In my home as a youth Sunday dinner was a special time. We ate together as a family every evening but Sunday was deemed to be a little different. It was a bit more formal. It was normal for most of us to pitch in on Sundays and help some, whether it was peeling potatoes, and whipping them after they’d boiled, or chopping up the salad; Sunday dinner was a time to work together as a family. In fact, as I reflect, all of Sunday was a family day. We would be at church at 9:00 AM for Sunday school classes. Worship services started at 10:15 and after sufficient time visiting after church we head for home, usually in two cars as there were six children in my family.
At noon we would be in the kitchen working to get dinner ready. I suppose it was a little special because we would eat in the dining room even when there was not “company”. And it was special because it always included a reading from the Bible. Oddly I don’t recall whether we worked our way all the way through or not. But we did read every week, picking up where we left off the prior week. I know there were places in Numbers that we skipped, it gets pretty boring. There were places in Song of Solomon that we skipped because it was too racy. And there were several places where the “begets” got too long and we skipped those as well. Odd how I remember what we missed and not what we read.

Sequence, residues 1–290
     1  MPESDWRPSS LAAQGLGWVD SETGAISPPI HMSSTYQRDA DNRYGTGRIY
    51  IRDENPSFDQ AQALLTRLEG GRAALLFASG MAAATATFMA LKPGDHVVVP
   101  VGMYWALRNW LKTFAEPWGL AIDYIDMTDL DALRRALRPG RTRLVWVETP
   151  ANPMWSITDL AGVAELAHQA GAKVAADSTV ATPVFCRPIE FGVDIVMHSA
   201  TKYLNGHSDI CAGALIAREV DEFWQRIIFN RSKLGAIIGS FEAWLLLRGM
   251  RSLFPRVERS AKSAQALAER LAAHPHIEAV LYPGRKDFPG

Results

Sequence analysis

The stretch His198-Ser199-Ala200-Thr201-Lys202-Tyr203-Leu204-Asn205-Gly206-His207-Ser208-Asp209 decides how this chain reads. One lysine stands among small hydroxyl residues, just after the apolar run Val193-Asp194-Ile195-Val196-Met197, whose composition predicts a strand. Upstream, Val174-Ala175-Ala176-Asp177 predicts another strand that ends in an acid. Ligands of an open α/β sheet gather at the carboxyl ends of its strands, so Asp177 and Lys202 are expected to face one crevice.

After dinner we had to wait, patiently, until my dad was ready, then we would read and pray the Lord’s Prayer together. There was no need to ask to be excused from the table as it was understood that at the “amen” we were released from our obligation to sit there and we could go. But not far because it was Sunday and Sunday was a day for family time. We’d read, nap, visit grandparents, and get ready to go back to church. Youth Choir practice started at 3:00 PM, youth group was at 4:30, evening church services were at 6:00 PM, so our day was full. It was all done all together and there was never a discussion about going, it was quite simply what we did every week, no matter what else was going on in life.
I do not want to start doing all day church marathons again. Seven hours of church for all those years was enough and as a minister, by 1:00pm, I am exhausted. But as I started writing, I was thinking of a comment that had been made to me several times in the past as an excuse to not come to church (not at Hope), that would go something like this, “well Sunday is the only day we get to spend together as a family.”
I believe families should spend a lot of time together and what better way to do that than enjoying one another as part of a community of faith working hard together to broaden one’s religious perspectives. What you do together as a family makes a difference and makes an impact young people will remember.
What do you want children to remember about how you choose to spend “family time”?